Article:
S H A R K S !
A Predator-Prey Simulator for EGA
Thomas R. Wilson
4407 1/2 Stanford St.
Houston, Texas 77006
SHARKS! is a graphic population model. Predators in the
form of sharks hunt their prey, fish, in a struggle for sur-
vival. Several independent variables, or "life parameters" can
be controlled while the program is running. By altering their
values, the interdependency of the two populations can be
studied. More importantly, it is FUN TO WATCH!
The struggle is played out on an ocean of variable size.
There are two kinds of creatures in the sea - sharks and fish.
During a time cycle each creature has the opportunity to make
one move in any of four possible directions. By repeating this
procedure over and over, the passing of time is simulated.
Each creature's life is governed by a set of rules that it
must follow. Fish seek only open spaces, and if the amount of
time allotted by the fish breed rate has passed, a new fish
appears in that space. If the fish is surrounded by other fish,
or it does not find an adjacent space empty, it will wait to
breed. It is assumed that the fish have an endless food supply
in the form of lower sea animals.
Sharks seek out fish. Eating a fish delays starvation. If,
after a search, no fish is found, a shark will move into an
adjacent blank space if one exists. If the starve time is
reached and no fish has been found, the shark will starve and
disappear from the screen. Like the fish, if a shark is able to
survive to reach breed time, a new shark will be born in an
adjacent blank space.
The sea is shaped like a torroid, or doughnut. The area on
the screen is actually a two dimensional map of the volume's
surface. Imagine that the top of this flat map can be curved
back to meet the bottom, forming a cylinder. The ends are then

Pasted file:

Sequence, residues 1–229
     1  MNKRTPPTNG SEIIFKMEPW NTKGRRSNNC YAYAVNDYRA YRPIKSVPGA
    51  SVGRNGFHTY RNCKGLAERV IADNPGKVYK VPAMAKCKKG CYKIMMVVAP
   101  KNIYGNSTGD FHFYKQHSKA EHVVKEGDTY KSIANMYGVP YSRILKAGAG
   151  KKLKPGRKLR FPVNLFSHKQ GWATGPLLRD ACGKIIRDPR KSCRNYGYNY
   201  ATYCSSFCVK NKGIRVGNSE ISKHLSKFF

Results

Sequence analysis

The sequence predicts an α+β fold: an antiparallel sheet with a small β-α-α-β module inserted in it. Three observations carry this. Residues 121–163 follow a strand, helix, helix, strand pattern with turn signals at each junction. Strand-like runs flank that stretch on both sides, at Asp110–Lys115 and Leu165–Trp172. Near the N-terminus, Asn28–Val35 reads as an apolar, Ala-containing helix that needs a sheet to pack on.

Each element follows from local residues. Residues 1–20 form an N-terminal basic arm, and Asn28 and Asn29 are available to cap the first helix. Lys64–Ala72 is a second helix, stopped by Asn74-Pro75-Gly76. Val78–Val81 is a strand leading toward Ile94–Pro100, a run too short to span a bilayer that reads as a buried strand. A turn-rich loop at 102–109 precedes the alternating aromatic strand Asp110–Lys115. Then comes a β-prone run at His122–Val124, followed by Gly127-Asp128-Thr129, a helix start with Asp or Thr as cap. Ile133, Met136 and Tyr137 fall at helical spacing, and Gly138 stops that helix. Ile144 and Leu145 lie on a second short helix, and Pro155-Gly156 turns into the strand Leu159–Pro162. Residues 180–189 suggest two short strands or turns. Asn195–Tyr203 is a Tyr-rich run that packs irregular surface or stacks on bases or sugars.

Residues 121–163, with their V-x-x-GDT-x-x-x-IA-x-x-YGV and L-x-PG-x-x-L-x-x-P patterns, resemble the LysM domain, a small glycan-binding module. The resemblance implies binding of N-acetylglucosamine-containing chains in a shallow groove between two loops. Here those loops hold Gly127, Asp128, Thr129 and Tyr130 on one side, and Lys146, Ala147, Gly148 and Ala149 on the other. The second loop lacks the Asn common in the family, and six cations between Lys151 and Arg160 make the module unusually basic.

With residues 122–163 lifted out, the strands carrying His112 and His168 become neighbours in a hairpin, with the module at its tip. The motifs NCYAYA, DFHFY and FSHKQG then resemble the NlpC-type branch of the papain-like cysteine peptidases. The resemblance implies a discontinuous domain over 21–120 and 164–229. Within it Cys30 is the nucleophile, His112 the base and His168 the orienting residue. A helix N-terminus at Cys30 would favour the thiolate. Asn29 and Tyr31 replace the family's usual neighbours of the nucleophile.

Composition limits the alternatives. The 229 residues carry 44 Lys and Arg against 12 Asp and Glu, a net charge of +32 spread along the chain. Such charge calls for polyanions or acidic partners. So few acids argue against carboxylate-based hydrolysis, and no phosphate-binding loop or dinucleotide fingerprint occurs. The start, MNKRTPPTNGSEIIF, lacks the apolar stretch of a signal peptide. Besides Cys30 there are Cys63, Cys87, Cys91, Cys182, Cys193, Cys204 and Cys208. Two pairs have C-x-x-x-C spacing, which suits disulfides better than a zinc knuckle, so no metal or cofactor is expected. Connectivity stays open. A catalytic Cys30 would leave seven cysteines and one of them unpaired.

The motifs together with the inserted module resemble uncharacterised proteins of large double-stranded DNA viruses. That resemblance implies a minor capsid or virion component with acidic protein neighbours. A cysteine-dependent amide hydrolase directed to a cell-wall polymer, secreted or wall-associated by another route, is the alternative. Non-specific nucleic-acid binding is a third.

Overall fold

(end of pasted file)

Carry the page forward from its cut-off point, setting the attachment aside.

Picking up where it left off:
brought together in a circle, completing the torroid. Thus, the
map edges are connected and the creatures are permitted to
scroll off the boundries and reappear on the opposite side.
FISH BREED rate -
How fast the fish breed. If this number is small, the fish
breed quickly. Correspondingly, more food becomes available
for the sharks to eat. Must be less than 64.
SHARK BREED rate -
How fast the sharks breed. This increases competition for
the current food supply. Must be less than 64.
SHARK STARVE rate -
How long the sharks can go without eating. Increasing this
makes the sharks less vulnerable to local food shortages.
Must be less than the shark breed rate.
SHARK SMARTS -
How many directions the sharks will look in the search for a
fish. Increasing this makes the fish more vulnerable to
capture by the more cunning sharks. Vary from 1 to 4.
A graph on the lower half of the screen keeps track of up-
dated shark and fish totals. With time, trends in the two
curves become apparent. Because the sharks are dependent on the
fish population, there is a tendency for the shark population to
"follow" that of the fish.
As the fish breed and their numbers rise, more food becomes
available for the sharks to eat. Food stimulates the shark
population, causing it to increase as long as the feeding frenzy
With more predators hunting them, the fish population
reaches some maximum, then begans to drop off. With less prey
to eat, the shark population will also level off at some max-
imum, then fall as more and more sharks starve in response to
the food shortage.
The cycle is completed when the shark population falls low
enough that the fish start to multiply in response to the added
safety of a sea with less predators.
The curves approach two sine waves with the predator (shark)
population lagging the prey (fish) population by some constant
phase. In other words, both the populations tend to rise and
fall cyclicly. The shark curve follows the fish curve because
predator populations are a function of how much food there is
The exact shape of these waves is determined by the input
parameters. Varying the input parameters will vary the ouput
waves' periods, amplitudes, and deviations as well as causing
obvious changes in the distribution of the creatures on the
The system fails if conditions cause the loss of a species.
SHARKS! detects failure and responds by restocking the sea. If
the random attribute is set, new input parameters will be gen-
erated, otherwise the old ones will be run again. Two possible
events constitute failure:
Predator extinction -
Conditions were not favorable enough to ensure the survival
of the shark species. Perhaps the area food supply was in-
sufficient, or the sharks breed rate made competition for
food too tough. Perhaps the sharks were not smart enough to
consistantly find food, or they had to eat too often to make
it through food shortages.
Both species extinct -
The struggle was too difficult for the fish to survive. With
the sea clear of food, the sharks quickly follow into ex-